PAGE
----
August 6, 2013
The Issaquah Valley Trolley, a committee of the Issaquah History Museums, invites the public to hop on renovated streetcar No. 519 as it begins 2013 service Aug. 10.
Traveling a half-mile from the Issaquah Train Depot to the bridge near the Darigold Creamery, the trolley will carry passengers from 11 a.m. to 3 p.m. on weekends through summer and into fall.
July 23, 2013
Issaquah is about to get a bit more colorful, thanks to the annual Chalk Art Festival.
This year, the festival, sponsored by the Issaquah Arts Commission, will hit the sidewalks around the Issaquah Community Center on July 30. From noon to 5 p.m., anyone can show up and create some art.
According to Amy Dukes, the arts coordinator for the commission, most of the participants are elementary school age, although kids and adults of all skill levels come out to draw. Many are there just to doodle, while some come with a fully formed idea in mind, complete with sketches and outlines.
July 16, 2013
There will be an Issaquah Valley Trolley open house July 23 to inform the public about future trolley service in Issaquah and volunteer opportunities for everyone who loves vintage streetcars.
The event is at 7 p.m. at the Issaquah Train Depot, 150 First Ave. N.E. The event is free.
The open house will feature displays and videos about car No. 519 and the history of the trolley project, as well as speakers and a question-and-answer session, according to a press release from IVT, an all-volunteer operation.
January 29, 2013
Hollywood legend and “Mommy Dearest” subject Joan Crawford is in the lineup as the Issaquah Train Depot film series continues.
Crawford stars in “Rain” as Sadie Thompson, a prostitute marooned on a tropical South Pacific island with a conservative preacher, played by Walter Huston, and his wife.
The free film plays at 7 p.m. Feb. 9 at the historic train depot, 50 Rainier Blvd. N.
January 8, 2013
The recent past for the Issaquah History Museums sounds almost like a hardscrabble chapter from local history.
Executive Director Erica Maniez, staffers and volunteers face a perennial challenge to convince the public why history matters and, more importantly in the short term, why the organization needs donations to continue operations, especially as nonprofit organizations dedicated to human services command the spotlight.
January 8, 2013
The legendary horror actor Boris Karloff is in the lineup as the Issaquah Train Depot film series continues.
“The Ape” — a schlocky horror romp from 1940 — stars Karloff as a kindly uncle in a small town subjected to a circus ape’s reign of terror. The film came after Karloff rocketed to success as the title character in “Frankenstein” and then sequels “Bride of Frankenstein” and “Son of Frankenstein.”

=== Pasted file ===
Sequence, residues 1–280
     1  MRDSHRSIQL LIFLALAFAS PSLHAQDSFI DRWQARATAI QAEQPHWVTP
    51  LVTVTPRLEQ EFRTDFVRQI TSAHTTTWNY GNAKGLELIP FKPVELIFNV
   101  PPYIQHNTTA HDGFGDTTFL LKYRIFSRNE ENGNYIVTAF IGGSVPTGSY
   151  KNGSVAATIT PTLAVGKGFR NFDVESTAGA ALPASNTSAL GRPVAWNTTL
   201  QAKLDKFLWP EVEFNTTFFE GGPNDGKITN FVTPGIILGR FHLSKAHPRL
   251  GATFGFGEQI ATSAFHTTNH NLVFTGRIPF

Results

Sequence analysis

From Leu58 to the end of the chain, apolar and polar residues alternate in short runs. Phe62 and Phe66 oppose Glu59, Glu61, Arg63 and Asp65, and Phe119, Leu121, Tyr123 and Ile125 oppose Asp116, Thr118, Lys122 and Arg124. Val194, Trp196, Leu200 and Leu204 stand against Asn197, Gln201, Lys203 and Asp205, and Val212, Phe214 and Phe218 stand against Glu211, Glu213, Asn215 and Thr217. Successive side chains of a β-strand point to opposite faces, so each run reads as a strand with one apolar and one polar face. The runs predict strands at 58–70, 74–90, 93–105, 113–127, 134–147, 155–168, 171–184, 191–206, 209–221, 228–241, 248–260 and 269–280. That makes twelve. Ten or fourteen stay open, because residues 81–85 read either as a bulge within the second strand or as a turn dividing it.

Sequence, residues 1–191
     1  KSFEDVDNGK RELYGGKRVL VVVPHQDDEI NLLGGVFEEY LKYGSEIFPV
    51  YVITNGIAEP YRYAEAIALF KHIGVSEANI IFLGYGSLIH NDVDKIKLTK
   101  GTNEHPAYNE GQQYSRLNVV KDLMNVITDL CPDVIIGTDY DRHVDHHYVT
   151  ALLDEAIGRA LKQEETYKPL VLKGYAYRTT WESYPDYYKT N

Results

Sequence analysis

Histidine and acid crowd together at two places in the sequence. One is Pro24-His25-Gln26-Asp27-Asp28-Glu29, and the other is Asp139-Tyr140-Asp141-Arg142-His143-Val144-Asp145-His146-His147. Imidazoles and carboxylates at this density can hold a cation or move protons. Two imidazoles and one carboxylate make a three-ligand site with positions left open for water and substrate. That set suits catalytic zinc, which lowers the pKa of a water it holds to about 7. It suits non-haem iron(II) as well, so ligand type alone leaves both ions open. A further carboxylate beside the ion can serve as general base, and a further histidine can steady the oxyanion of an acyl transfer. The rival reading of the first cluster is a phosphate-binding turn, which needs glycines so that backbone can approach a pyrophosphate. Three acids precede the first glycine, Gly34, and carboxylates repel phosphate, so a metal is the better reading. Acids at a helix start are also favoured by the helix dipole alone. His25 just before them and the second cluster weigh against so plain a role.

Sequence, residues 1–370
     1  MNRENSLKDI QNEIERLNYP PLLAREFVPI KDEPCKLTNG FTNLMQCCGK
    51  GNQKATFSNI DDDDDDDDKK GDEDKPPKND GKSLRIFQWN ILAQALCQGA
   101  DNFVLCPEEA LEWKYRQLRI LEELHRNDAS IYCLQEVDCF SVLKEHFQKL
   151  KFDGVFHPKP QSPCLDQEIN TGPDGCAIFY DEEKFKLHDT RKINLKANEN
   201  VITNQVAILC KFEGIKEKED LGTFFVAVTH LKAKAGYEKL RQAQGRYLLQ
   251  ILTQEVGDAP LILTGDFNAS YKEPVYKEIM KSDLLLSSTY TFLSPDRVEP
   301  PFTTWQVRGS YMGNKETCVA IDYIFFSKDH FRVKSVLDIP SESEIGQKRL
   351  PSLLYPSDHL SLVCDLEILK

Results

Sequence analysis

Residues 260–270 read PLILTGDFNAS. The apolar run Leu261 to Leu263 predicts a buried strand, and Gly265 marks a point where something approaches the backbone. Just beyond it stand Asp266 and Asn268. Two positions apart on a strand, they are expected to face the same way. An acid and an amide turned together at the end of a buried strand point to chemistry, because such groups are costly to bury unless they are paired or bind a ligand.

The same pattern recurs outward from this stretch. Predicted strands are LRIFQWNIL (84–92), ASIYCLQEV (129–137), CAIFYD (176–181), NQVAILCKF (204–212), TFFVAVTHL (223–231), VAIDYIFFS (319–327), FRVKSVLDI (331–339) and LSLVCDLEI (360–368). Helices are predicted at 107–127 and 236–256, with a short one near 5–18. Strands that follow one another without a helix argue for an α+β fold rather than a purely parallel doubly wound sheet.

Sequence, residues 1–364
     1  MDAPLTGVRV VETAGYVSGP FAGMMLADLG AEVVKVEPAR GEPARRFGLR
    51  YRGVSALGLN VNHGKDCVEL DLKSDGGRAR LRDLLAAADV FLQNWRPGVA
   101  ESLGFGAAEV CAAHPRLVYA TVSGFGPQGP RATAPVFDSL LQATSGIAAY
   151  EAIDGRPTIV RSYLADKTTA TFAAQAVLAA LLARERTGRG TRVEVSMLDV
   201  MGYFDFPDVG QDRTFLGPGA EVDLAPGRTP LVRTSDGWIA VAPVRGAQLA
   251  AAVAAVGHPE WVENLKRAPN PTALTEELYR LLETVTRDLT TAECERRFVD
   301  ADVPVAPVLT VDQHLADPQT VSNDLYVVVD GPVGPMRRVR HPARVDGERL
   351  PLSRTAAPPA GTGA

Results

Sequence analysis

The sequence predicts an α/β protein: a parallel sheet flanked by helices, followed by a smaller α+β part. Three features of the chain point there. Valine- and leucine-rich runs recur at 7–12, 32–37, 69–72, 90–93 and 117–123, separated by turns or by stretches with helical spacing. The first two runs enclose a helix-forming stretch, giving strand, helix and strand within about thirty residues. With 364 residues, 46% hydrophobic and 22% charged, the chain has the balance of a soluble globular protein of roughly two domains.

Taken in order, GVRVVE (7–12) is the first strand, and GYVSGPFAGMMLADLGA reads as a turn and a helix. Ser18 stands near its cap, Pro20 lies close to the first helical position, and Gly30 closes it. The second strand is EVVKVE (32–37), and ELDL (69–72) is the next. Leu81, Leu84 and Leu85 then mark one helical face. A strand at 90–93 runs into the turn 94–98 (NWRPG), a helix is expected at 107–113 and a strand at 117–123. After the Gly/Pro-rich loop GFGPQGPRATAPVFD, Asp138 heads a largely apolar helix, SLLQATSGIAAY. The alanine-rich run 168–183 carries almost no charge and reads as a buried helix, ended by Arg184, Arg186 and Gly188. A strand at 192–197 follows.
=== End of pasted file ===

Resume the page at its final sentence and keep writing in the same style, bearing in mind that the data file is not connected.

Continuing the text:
The film plays at 7 p.m. Jan. 12 at the historic train depot, 50 Rainier Blvd. N.
December 31, 2012
NEW — 2 p.m. Dec. 31, 2012
The need is up nonprofit organizations, but as donors start to make out checks for year-end donations, local organizations sometimes struggle to stand out in a field crowded with requests for giving.
In King County, end-of-year charitable giving to nonprofit organizations is on the to-do list for many donors. The average person makes 24 percent of annual donations between Thanksgiving and New Year’s Eve, according to research from the Center on Philanthropy.
Issaquah and the Puget Sound region maintain a long-held reputation for generosity to charitable causes. The key for nonprofit organizations to successfully solicit donations, local leaders said, is to highlight successes.
December 18, 2012
The nonprofit Issaquah History Museums received a recent holiday surprise, after an anonymous donor agreed to match all donations to the organization’s annual fund through Dec. 28.
Donors can give to the museums at the organization’s website, www.issaquahhistory.org/donate#annualfund. The organization is a 501(c)(3) nonprofit organization and a donation is tax-deductible.
The nonprofit organization dedicated to preserving local history operates the Gilman Town Hall Museum and the Issaquah Depot Museum. Donations fund the museums’ mission, as government funding for the organization is limited.
“I hope you’ll take advantage of this opportunity to double your donation to the IHM,” Executive Director Erica Maniez wrote to community members. “Your help is deeply appreciated!”
November 20, 2012
Trader Joe’s reopened Nov. 14 in a location large enough for the California-based grocer to offer spirits under the state’s revised liquor laws.
The grocer relocated to 975 N.W. Gilman Blvd. from a smaller space at Pickering Place, and renovated 11,000 square feet at the Issaquah Commons for the store.
Trader Joe’s carries domestic and imported foods and beverages, in addition to basics, such as eggs and milk.
November 6, 2012
The popular Films @ the Train Depot! series includes Hollywood classics and stars from a bygone era.
The next entry in the popular series is “The Black Book” from 1949. The film offers a detective-style plot set during the French Revolution. Robert Cummings stars as Robespierre, a man searching for a lost little black book containing the names of people headed for the guillotine.
The film plays at 7 p.m. Nov. 10 at the historic Issaquah Train Depot, 50 Rainier Blvd. N. The program is free, due to support from the city Arts Commission and the King County cultural agency 4Culture.
Since the film program launched in October 2009, organizers have screened Bing Crosby films, train-themed films, films set in Washington and noir classics.